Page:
The EFM Feature

In my brief experience dealing with the MSM on presidential issues, I have learned two lessons. First, those guys really do love John McCain. Second, they seem completely puzzled that evangelicals rejected him so soundly in 2000–blaming most of that in Rovian “dirty tricks” rather than dissatisfaction with the candidate himself.
John McCain has been consistently pro-life (and make no mistake, I applaud him for that), he is unquestionably strong on the war, and the man is an American hero of the first order. It would be difficult for my own service to my country to be 1 percent as effective or courageous as Senator McCain’s, and I will always respect and admire him more than words can convey. Yet there is very little question that when it comes to many of the cultural issues that are so very important to the future of this country, you get the distinct impression that not only is his heart not in that fight, he really, really does not like people like me. If Charles would forgive me, I’m going to quote a slightly longer segment of the interview he highlighted on Monday:

I understand the frustrations a lot of Republicans feel. We’re not representing their hopes and dreams and aspirations. We worry about Ms. Schiavo before we worry about balancing the budget. We’re going to take up this Family Marriage Amendment again. Why? The Republicans will vote one way, and the Democrats will vote another, and everybody knows it! It’s pointless. I’ve never seen Washington as polarized as it is today.
[...]
I would never say this publicly, but some of these talk-show hosts–and I’m not saying they should be taken off the air; they have the right to do what they want to do–I don’t think they’re good for America.
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I urge my friends who complain about the influence of the religious Right, get out there and get busy. That’s what they do! Now, if we believe in the Republican party of Abraham Lincoln and Theodore Roosevelt, the big-tent party, then we have to get out there and show that. The fact is, some of us have sat idly by while those very active people have basically set the agenda for our party. I get attacked everyday because I’m working with Ted Kennedy. How can I work with Kennedy? Because I want to get something done.

To McCain, it is blindingly obvious that balancing the budget is more important than whether we have a judicial system that allows estranged husbands to starve their wives to death, and the Federal Marriage Amendment is pointless because we all know how people will vote. But isn’t it important to debate the status of our bedrock cultural institutions? To take a day or even a week to debate how our legal system treats issues of life and death? If a debate on a given day doesn’t change a Senate vote, that vote and that debate may move the citizenry to action. On issues of life and family, he acts impatient and ever so slightly condescending…like he’s folding his arms and tapping his foot until he can get on with the truly important business of the country (as if the Senate is exclusively focused on balancing the budget until those pesky cultural issues come up).
So “those very active people” distract the country and prevent people like him from “getting something done.” If we are “those people” now, when he might very well need us to capture the White House, what will we be when/if he is triumphant? When he no longer needs us?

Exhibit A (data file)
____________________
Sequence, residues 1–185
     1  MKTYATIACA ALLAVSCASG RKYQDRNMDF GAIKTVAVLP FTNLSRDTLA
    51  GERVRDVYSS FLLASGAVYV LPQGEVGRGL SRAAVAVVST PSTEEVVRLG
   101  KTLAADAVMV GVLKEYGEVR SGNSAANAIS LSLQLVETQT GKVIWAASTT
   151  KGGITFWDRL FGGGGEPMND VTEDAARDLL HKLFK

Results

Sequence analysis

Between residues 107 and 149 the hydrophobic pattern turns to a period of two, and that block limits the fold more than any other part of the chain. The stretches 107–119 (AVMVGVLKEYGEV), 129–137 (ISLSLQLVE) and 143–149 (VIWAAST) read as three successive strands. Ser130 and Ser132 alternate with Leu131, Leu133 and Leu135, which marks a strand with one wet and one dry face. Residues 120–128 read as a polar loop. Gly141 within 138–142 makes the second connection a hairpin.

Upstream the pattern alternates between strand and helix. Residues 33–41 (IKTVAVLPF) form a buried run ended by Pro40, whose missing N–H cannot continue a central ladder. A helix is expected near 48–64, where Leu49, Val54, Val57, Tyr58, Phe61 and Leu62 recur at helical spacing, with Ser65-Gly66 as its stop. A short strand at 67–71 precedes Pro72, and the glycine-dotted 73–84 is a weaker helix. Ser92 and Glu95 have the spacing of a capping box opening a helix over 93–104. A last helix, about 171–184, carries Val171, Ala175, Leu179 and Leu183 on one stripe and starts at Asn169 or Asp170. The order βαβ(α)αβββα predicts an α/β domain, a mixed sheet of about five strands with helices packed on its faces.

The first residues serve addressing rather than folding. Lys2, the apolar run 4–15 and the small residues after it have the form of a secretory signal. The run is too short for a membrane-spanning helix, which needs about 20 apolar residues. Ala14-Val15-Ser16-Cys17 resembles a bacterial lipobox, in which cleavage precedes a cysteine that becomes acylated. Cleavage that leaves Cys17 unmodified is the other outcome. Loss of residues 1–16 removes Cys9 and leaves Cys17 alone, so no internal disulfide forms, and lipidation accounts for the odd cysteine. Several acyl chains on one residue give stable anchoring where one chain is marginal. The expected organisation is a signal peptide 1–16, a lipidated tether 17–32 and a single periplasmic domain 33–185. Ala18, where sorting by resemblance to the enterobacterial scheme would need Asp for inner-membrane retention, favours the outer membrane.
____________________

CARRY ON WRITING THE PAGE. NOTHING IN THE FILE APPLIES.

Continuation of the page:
I do like McCain’s reference to Lincoln, however. In fact, it is Lincoln who perhaps more than anyone, despite his now well-known deviations from orthodox Christian theology, showed the critical importance of faith to demonstrating compassion and showing resolve in the face of previous partisan polarization. From Lincoln’s second inaugural address:

Both read the same Bible and pray to the same God, and each invokes His aid against the other. It may seem strange that any men should dare to ask a just God’s assistance in wringing their bread from the sweat of other men’s faces, but let us judge not, that we be not judged. The prayers of both could not be answered. That of neither has been answered fully. The Almighty has His own purposes. “Woe unto the world because of offenses; for it must needs be that offenses come, but woe to that man by whom the offense cometh.” If we shall suppose that American slavery is one of those offenses which, in the providence of God, must needs come, but which, having continued through His appointed time, He now wills to remove, and that He gives to both North and South this terrible war as the woe due to those by whom the offense came, shall we discern therein any departure from those divine attributes which the believers in a living God always ascribe to Him? Fondly do we hope, fervently do we pray, that this mighty scourge of war may speedily pass away. Yet, if God wills that it continue until all the wealth piled by the bondsman’s two hundred and fifty years of unrequited toil shall be sunk, and until every drop of blood drawn with the lash shall be paid by another drawn with the sword, as was said three thousand years ago, so still it must be said “the judgments of the Lord are true and righteous altogether.”
With malice toward none, with charity for all, with firmness in the right as God gives us to see the right, let us strive on to finish the work we are in, to bind up the nation’s wounds, to care for him who shall have borne the battle and for his widow and his orphan, to do all which may achieve and cherish a just and lasting peace among ourselves and with all nations.


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